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“Last King" More About Arrogance, Less About Dictatorship

  • Annabelle Robertson Entertainment Critic
  • Updated Apr 20, 2007
“Last King" More About Arrogance, Less About Dictatorship

DVD Release Date:  April 17, 2007
Theatrical Release Date:  September 27, 2006 (limited)
Rating:  R (for some strong violence and gruesome images, sexual content and language)
Genre:  Thriller/Drama
Run Time: 121 min.
Director:  Kevin MacDonald
Actors:  Forest Whitaker, James McAvoy, Kerry Washington, Gillian Anderson, Simon McBurney, David Oyelowo

When Idi Amin seized control of Uganda in 1971, he was welcomed by Ugandans and the international community alike.  Amin promised to hold free and fair elections and to return the country to a democracy.  He disbanded the secret police and released political prisoners, leading many to believe that he would be a fair and just ruler. 

It was not to be.  Within months, the media had reported scattered incidents of torture and bloodshed.  Soon, few would deny that the benevolent dictator had become a bloodthirsty autocrat.  And, although Amin would be eventually deposed and exiled, he would leave hundreds of thousands dead during his eight-year reign.

The International Commission of Jurists estimates Amin’s victims at 300,000.  Amnesty International places the figure closer to 500,000.  Either way, Amin was never punished.  He died in exile in Saudia Arabia in 2003.

“The Last King of Scotland” takes its name from one of the many titles Amin liked to bestow upon himself (which include “Lord of All the Beasts of the Earth and Fishes of the Sea” and “Conqueror of the British Empire in General and Uganda in Particular”).  Based on the novel by Giles Foden, the film recounts a slice of Ugandan history through a fictional lens. 

When Nicholas Garrigan (James McAvoy) graduates from medical school, he has no idea what he wants to do – except leave Scotland.  He spins his globe and determines to go wherever his finger lands.  Unfortunately, it lands on Canada, so Garrigan spins again.  Uganda.  Garrigan accepts a position with a medical mission run by the dedicated Dr. Merritt (Adam Kotz) and his wife, Sarah (Gillian Anderson).  Before arriving at the Ugandan outpost, however, he enjoys a one-night stand with an African woman.  Soon, Garrigan is on the make with the lonely Sarah as well, who reluctantly but wisely resists his charms.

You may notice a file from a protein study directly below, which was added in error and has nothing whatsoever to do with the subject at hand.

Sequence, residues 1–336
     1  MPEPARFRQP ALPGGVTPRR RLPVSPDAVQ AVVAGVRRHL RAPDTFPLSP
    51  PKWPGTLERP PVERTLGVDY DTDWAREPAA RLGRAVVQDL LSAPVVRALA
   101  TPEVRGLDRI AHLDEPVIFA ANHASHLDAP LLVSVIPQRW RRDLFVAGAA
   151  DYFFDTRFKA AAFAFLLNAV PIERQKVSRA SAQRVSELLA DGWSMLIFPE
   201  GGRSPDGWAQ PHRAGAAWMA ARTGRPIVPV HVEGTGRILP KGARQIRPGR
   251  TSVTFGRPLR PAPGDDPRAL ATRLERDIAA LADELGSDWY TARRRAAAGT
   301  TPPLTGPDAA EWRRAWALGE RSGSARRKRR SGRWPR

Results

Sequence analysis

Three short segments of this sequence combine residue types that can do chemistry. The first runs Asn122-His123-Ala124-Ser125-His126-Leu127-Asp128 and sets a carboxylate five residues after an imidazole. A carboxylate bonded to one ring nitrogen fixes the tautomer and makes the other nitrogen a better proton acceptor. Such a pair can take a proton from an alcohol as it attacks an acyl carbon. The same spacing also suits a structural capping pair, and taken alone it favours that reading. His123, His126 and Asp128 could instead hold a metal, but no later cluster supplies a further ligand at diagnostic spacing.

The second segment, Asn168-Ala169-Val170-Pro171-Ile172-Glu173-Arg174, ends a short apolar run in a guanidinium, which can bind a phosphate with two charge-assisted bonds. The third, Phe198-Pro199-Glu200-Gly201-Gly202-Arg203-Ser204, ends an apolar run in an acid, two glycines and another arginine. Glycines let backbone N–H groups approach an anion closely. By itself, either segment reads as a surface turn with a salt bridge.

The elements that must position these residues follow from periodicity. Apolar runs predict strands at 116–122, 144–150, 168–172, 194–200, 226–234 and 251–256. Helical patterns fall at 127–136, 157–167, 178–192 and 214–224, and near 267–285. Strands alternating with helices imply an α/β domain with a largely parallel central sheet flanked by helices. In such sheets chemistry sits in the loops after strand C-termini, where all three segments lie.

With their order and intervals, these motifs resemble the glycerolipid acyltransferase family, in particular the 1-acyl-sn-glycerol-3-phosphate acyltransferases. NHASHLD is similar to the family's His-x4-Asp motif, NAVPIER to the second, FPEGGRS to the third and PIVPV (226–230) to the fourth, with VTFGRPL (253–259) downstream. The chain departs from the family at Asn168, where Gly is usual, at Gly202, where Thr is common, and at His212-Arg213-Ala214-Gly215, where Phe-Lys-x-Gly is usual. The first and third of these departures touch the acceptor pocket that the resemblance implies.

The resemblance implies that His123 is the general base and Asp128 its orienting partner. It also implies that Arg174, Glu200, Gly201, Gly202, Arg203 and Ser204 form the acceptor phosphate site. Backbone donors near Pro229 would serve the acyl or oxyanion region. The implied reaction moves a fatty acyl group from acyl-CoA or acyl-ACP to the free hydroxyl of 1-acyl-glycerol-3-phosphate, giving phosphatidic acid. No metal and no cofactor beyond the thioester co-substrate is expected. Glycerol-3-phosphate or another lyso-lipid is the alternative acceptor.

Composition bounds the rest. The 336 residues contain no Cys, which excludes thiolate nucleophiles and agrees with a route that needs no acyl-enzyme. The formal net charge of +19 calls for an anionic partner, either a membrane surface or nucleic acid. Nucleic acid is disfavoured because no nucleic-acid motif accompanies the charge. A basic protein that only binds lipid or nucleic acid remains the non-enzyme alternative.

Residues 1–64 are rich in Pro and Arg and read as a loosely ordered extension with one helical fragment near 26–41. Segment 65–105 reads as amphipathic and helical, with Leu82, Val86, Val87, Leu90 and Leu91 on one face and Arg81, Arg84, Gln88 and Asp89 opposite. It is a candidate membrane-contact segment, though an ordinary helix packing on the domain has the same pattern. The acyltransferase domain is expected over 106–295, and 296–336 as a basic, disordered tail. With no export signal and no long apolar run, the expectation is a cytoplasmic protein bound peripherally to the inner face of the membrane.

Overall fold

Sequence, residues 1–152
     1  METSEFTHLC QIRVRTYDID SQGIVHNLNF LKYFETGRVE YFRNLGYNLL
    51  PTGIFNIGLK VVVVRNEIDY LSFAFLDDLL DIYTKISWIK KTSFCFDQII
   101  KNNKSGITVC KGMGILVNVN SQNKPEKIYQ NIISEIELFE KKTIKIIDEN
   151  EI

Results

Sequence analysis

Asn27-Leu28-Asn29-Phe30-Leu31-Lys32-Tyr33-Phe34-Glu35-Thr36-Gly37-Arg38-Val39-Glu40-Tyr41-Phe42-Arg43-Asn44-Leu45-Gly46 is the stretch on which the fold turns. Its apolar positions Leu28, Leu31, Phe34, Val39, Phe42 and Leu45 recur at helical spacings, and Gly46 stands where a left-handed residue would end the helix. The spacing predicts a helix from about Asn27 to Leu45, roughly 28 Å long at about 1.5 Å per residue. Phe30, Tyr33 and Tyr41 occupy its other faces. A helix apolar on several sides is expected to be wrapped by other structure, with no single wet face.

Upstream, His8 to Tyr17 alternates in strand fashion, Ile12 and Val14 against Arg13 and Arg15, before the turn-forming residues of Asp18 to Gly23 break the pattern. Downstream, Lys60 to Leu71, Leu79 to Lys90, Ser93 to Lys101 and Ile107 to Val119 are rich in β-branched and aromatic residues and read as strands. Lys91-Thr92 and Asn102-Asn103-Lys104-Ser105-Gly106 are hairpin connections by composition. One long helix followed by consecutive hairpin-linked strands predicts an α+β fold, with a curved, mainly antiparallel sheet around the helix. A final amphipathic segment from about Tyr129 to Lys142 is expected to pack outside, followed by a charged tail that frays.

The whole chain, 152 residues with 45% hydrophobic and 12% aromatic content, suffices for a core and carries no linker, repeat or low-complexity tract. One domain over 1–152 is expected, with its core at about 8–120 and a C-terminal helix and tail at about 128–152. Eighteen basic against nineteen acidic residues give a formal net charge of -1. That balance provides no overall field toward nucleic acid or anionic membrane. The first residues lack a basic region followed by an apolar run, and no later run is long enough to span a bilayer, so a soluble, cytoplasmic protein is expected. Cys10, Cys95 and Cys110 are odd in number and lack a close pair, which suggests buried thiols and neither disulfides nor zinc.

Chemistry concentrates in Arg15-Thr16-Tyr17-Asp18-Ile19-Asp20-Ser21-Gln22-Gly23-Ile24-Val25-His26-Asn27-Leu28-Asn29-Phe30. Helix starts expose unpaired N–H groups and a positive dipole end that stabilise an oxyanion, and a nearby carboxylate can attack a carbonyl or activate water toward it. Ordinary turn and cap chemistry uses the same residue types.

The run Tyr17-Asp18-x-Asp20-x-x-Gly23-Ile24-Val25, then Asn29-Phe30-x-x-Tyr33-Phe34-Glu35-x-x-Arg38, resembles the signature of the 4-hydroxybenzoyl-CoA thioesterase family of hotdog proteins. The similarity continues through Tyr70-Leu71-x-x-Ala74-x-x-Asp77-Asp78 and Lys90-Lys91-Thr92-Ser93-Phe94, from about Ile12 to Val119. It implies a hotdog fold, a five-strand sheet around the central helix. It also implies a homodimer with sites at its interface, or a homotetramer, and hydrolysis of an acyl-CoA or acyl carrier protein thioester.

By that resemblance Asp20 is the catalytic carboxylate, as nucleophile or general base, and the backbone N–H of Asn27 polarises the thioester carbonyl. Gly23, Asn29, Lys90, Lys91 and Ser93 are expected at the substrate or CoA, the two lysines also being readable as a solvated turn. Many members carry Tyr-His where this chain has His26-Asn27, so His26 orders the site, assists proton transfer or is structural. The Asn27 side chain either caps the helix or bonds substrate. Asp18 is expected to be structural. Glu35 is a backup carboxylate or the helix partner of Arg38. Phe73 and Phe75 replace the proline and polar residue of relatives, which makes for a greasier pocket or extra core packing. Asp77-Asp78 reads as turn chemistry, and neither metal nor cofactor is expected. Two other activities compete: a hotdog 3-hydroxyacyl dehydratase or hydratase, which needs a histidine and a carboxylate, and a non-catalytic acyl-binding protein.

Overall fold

During a chance encounter with Amin (Forest Whitaker), Garrigan bandages the president’s hand and impresses him by shooting a wounded cow.  Amin invites Garrigan to become his personal physician and soon, the novice physician is driving a new Mercedes convertible and frolicking on Amin’s properties, all expenses paid.  Eventually, Garrigan realizes that his new best friend is not so benign.  This realization comes far too late for Garrigan to easily extricate himself, however.  Can he escape Amin’s notorious wrath without becoming another victim?  It seems unlikely, especially given that so few did.

Whitaker rightly won the 2006 Oscar for this performance, which is near flawless.  He exudes frightening menace and charming guile, leading us to understand why historians remain divided about whether Amin was insane or simply “crazy as a fox.”  Few doubt the man was evil, of course, but Whitaker manages to imbibe the brutal dictator with a shred of humanity as well.  Frighteningly, he’s almost likable.

McAvoy is a decent actor, but he’s woefully miscast here.  His youth and endless gullibility stretch our credibility to the limits, especially after he becomes involved with one of Amin’s wives (Kerry Washington, playing her part to perfection).  By the film’s climax, it’s hard to sympathize with this hapless protagonist, who has few redeeming qualities.  Partly, this is the fault of the script.  But an older Garrigan – along with some editorial scene-swapping – would have solved this problem.

Director Kevin MacDonald shows a bit too much torture and dismemberment, but his talent is evident – and his message is important.  It’s not so much about brutal dictators as it is about Western arrogance.  “I will go to Africa and I will play the white man with the natives,” Amin taunts Garrigan.  “Is that what you thought?  We are not a game.  This is real.”

We’re being issued a warning about taking others for granted and using the world as our playground, as Westerners have done throughout the centuries.  We may live for the moment, this film seems to say, but eventually we must all pay the price – which is often far, far more than anyone would ever expect. 

A Christian message?  Absolutely, in the context of an excellent film.

AUDIENCE:  Adults only


  • Director’s commentary
  • Casting session
  • Documentary: “Capturing Idi Amin”
  • Featurette with Forest Whitaker
  • Theatrical Trailer
  • International Trailer
  • Alternate Scenes
  • Deleted Scenes


  • Drugs/Alcohol:  Drinking and smoking throughout film, as well as possible drug use.  In several scenes characters are drunk.
  • Language/Profanity:  Obscenities and profanities throughout film, some very strong.
  • Sexual Content/Nudity:  Upper female nudity in several instances; several sexual situations; sexual allusions and several graphic sex scenes with rear male nudity.
  • Violence:  Extreme violence throughout film, including graphic beatings, murders, torture and dismemberment – though most are offscreen.